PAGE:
What’s the next best thing to happen to science since gravity? Dr. Jay Wile’s Elementary Science Series which presents science in the context of history rather than topical fashion all with a Biblical Worldview.
After reviewing and enjoying his first two books in this series, I was overjoyed to see Science in the Scientific Revolution hot off the presses!
“The Christian faith of those who started and continued The Scientific Revolution had a profound impact on their science, and you will learn a lot about that as you move through this course. I personally think this is one reason The Scientific Revolution was such an astounding success. Because science was being done in the context of the Christian faith, it was incredibly effective. Lots of progress was made because those studying the world around them realized that in order to fully understand nature, you had to understand the characteristics of its Creator.
As you study this course, I wast you to keep in mind something that was said by Robert Boyle, another great natural philosopher from this time period. In a speech he gave to t other natural philosophers of his day, he said, “Remember to give glory to the One who authored nature.” -Dr. Jay Wile
Science in the Scientific Revolution contains 90 lessons split into 6 sections which include “normal” and “challenge” lessons, as well as a hands-on-activity per lesson. At the end of each lesson there’s a review/comprehension section that is split according to the age of the student. Youngest students have to answer 2 oral questions, older children a notebook exercise and oldest students a more difficult exercise.
Experiments within this book are fairly easy to do – but must be done with an adult present! A list of needed common supplies are included as well as a shorter separate list of harder to find items such as ink pads, string of Christmas lights, etc.
Your journey though the Scientific Revolution starts with Nicolaus Copernicus and ends with Ole Christensen Romer. Along the way the topics of Heliocentric system, human body, disease, flowers and seeds, time, motion, temperature, tides, weather, probability, gravity, friction and much more are covered!
Lessons 1-15 The Revolution Begins
- Nicholaus Copernicus, Andreas Vesalius
Lessons 16-30 The Revolutions from the Mid-1500’s to the Early 1600’s
- Girolamo Fracastoro, Conrad Gesner, Pierre Belon, Michael Servetus, Tycho Brahe, Galileo Galilei
Lessons 31-45 The Revolution in the Early 17th Century
- Johannes Kepler, Francis Bacon, Jan Baptist van Helmont, William Harvey, James Ussher, Joachim Jungius, Evangelista Torricelli, Rene Descartes, Blaise Pascal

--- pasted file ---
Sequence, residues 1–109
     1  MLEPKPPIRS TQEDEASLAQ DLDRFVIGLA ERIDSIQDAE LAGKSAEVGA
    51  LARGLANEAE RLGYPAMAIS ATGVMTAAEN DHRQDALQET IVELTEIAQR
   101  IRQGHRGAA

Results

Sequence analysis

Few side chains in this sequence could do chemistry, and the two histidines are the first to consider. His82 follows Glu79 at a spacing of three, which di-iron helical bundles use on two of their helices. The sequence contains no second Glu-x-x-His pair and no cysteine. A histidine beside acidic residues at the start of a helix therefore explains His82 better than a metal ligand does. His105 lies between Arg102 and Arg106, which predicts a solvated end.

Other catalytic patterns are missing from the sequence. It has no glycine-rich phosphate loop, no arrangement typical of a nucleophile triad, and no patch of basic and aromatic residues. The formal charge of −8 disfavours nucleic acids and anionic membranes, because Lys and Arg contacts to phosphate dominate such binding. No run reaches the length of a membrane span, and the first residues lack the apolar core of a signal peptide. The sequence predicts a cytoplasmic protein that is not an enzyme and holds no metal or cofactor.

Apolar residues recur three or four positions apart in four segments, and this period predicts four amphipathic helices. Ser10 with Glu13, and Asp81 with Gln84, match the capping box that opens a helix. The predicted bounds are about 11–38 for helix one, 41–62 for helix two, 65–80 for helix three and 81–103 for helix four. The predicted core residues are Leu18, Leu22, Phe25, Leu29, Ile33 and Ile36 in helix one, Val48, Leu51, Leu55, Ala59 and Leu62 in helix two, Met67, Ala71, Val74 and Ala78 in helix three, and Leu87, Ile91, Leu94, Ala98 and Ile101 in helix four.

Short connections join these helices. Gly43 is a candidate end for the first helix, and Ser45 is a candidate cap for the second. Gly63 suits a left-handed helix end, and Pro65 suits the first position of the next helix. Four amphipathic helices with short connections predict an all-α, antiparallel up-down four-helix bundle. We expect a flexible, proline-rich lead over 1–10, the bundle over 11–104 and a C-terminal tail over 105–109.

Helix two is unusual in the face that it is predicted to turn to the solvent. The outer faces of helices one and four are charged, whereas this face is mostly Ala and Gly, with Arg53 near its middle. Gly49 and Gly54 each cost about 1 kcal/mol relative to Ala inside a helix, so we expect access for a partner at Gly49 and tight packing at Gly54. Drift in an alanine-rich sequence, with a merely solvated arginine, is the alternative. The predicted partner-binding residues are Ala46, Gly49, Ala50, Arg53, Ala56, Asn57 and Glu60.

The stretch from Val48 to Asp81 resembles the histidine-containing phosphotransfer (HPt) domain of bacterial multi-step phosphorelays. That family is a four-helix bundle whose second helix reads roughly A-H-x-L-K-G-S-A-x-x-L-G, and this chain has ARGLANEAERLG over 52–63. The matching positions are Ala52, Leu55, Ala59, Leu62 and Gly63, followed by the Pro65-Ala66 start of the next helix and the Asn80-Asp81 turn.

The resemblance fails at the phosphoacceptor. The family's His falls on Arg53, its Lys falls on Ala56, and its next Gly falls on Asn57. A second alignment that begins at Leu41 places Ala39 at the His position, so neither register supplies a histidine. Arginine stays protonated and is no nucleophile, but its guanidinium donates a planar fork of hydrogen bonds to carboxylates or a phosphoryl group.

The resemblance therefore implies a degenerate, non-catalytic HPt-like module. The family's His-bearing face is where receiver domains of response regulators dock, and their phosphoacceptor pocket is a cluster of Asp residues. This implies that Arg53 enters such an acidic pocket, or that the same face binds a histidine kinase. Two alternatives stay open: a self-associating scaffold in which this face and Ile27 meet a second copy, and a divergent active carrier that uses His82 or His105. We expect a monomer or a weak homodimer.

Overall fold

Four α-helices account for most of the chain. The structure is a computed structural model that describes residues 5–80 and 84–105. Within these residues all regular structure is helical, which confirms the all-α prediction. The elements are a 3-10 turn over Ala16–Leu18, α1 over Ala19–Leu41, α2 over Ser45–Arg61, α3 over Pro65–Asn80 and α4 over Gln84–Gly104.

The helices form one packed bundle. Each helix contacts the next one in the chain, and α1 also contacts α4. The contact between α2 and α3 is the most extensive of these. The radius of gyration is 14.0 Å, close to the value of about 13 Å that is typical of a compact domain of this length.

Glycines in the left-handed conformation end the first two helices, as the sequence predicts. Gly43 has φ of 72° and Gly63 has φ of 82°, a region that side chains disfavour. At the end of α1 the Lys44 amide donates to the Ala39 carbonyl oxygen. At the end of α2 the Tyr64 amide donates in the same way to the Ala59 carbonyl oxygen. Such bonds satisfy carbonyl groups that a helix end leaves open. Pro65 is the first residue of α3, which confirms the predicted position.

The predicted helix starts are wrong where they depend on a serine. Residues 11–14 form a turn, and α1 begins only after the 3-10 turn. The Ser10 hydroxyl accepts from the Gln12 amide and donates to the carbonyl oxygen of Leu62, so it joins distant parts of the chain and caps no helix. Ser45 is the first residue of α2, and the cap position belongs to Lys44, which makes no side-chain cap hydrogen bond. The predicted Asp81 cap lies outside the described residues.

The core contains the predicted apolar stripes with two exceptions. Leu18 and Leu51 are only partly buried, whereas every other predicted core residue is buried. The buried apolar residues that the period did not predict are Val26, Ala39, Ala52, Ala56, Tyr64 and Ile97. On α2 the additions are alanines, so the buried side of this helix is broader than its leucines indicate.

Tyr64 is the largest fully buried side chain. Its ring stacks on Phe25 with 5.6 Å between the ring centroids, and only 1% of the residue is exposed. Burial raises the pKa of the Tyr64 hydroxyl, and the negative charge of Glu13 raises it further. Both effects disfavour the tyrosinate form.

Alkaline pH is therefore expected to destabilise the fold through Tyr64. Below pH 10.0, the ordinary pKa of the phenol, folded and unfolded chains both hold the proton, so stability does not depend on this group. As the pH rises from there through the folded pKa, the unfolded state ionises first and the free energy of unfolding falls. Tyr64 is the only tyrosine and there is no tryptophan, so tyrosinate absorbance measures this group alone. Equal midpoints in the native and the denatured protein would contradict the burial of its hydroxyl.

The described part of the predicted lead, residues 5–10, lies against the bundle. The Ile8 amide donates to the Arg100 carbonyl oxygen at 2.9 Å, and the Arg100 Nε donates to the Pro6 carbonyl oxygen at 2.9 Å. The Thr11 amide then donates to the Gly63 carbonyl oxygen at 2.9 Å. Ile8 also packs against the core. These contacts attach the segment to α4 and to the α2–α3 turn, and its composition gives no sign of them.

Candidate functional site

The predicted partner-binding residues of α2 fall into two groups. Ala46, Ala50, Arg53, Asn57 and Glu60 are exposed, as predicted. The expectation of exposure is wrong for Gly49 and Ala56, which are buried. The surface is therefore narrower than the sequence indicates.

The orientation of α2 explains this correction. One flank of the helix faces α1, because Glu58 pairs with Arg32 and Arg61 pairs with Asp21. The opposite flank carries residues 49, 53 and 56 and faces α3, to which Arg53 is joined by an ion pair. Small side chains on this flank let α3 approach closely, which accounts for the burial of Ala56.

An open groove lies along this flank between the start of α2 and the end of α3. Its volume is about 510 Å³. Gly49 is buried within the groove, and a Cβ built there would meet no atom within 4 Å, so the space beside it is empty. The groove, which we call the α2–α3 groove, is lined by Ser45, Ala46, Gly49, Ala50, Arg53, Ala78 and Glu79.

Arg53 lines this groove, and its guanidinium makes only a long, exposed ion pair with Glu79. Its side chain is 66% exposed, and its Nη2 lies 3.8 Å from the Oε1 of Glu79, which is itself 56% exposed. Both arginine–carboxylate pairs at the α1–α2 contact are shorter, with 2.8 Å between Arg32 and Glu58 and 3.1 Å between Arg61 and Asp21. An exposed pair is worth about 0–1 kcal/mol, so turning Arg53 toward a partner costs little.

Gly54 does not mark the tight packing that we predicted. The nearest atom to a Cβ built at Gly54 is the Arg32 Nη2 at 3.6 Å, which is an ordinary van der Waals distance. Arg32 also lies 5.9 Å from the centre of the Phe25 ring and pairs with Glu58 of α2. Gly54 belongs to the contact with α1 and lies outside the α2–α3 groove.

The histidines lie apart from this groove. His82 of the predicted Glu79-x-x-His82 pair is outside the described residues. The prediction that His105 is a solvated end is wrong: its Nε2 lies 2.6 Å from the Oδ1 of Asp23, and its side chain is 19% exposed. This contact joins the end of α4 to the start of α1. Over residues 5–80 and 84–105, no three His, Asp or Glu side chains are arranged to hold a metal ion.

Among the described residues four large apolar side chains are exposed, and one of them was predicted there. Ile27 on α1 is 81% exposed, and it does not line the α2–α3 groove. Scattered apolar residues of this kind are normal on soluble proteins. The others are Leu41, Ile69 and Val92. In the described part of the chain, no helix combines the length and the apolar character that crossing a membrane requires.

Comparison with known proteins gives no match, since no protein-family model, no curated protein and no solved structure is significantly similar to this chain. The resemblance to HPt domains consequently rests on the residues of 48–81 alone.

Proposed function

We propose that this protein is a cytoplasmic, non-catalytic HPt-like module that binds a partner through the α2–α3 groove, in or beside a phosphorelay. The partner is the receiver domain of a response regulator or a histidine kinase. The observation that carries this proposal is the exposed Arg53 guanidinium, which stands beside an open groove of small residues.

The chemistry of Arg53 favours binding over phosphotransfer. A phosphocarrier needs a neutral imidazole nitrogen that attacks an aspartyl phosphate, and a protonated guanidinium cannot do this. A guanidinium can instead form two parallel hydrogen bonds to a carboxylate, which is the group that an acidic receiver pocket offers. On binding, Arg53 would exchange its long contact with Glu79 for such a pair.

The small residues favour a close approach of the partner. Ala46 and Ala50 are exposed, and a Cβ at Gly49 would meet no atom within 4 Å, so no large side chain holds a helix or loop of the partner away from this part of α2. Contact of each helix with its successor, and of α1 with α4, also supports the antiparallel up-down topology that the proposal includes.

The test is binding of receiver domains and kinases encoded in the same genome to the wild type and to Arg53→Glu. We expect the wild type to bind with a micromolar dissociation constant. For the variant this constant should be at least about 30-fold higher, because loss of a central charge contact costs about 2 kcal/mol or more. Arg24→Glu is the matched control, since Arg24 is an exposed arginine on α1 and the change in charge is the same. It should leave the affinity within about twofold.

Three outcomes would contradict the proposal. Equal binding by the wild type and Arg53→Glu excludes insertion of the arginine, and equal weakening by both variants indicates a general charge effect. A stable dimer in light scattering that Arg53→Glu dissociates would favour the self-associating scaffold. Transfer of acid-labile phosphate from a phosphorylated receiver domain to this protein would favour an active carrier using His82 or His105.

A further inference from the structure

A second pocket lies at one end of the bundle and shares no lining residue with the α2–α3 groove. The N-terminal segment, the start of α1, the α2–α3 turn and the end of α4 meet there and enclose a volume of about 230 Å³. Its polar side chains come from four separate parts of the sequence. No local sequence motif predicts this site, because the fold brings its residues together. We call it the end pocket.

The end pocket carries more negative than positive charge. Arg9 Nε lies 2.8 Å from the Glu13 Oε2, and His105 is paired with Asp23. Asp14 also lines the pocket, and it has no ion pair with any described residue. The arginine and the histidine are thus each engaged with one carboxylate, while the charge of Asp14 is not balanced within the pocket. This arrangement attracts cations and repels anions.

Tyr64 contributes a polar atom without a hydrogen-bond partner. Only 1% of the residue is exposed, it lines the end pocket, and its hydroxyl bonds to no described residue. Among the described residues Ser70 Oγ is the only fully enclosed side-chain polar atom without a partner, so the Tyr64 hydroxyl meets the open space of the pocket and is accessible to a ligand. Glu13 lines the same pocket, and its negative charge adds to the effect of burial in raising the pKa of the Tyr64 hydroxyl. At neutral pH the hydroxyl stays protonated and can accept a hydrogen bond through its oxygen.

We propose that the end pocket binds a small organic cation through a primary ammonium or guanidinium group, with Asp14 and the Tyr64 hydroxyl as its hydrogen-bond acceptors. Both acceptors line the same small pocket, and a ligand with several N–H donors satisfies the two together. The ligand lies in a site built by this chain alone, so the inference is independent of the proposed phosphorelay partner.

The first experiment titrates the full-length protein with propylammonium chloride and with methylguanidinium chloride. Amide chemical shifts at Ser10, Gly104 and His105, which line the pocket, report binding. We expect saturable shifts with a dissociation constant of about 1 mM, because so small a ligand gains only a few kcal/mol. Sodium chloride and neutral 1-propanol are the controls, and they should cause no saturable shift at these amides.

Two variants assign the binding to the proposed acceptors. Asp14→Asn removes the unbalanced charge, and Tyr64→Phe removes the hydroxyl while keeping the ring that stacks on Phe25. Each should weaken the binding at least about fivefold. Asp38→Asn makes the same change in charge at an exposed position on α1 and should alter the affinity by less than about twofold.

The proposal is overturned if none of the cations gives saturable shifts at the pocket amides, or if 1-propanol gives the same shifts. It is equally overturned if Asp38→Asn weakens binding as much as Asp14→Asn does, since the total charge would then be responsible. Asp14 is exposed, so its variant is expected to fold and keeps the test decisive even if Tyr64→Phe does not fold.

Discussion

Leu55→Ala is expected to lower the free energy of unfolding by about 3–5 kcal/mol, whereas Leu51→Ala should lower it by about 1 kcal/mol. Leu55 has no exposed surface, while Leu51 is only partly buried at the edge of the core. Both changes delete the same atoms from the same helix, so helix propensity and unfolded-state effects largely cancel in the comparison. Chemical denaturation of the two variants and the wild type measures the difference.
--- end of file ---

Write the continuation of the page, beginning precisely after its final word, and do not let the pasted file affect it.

Lessons 46-60 The Revolution in the Middle of the 17th Century
- Thomas Bartholin, Otto von Guericke, Christiaan Huygens, Robert Boyle, Marcello Malpighi, Robert Hooke
Lessons 61-75 The Revolution Near the End of the 17th Century
- Giovanni Cassini, Francesco Redi, Antoni van Leeuwenhoek, John Ray, Nehemiah Grew, Sir Isaac Newton
Lessons 76-90 The Revolution at the End of the 17th Century
- Isaac Newton, Guillaume Amontons, Gottfried Wilhelm Leibniz, Ole Christensen Romer.
Our experience with Science in the Scientific Revolution
My 11 year old has been begging to do dissection. Admittedly, this is one of my least favorite things to do! She was overjoyed to see some dissection with Lesson 8: Muscles, Tendons, and Ligaments. In the scope of messiness, this lab is very tame!
Necessary equipment: Parent, sharp knife, cutting surface and raw chicken wing.
First, identify the wrist, elbow, radius, ulna and humerus. Who knew a chicken wing had so many parts!
Next, skin the chicken. This is tricky with a little wing! Next locate the tendon and muscle.
Then, carefully find the stringy white tissue called a ligament.
Finally, answer the following questions in your science notebook:
1. What do we call the muscles that move the bones of the skeleton?
2. What do we call the tissue that holds together the bones of a joint?
Older students: Make a drawing of an elbow joints, such as the one above. Point out the muscle, tendon, and ligament. Below the drawing, explain the function of each. Also, explain why the muscle in the drawing is called a skeletal muscle.
Oldest students: Do what the older students are doing. In addition, do a little research to find out what kinds of muscles your body has in addition to skeletal muscles. Describe them in your notebook.
My daughter will be finishing this book for the upcoming year. I have full confidence that the enjoyment in the originality of this text and teaching style will continue!
This series is perfect for elementary aged students up through 7th grade. It is suggested that 7th graders may need to supplement with outside resources.
A Helps and Hints guide is also available which answers to review questions and tests for those households that would like to administer them to their students.
One final thought from Author Dr. Jay Wile.
“So in fact, the Scientific Revolution was really the result of natural philosophers understanding the consequences of God’s existence. Once they understood that, they were able to make incredible discoveries about how creation really works!”
Check out my reviews of Science in the Beginning and Science in the Ancient World!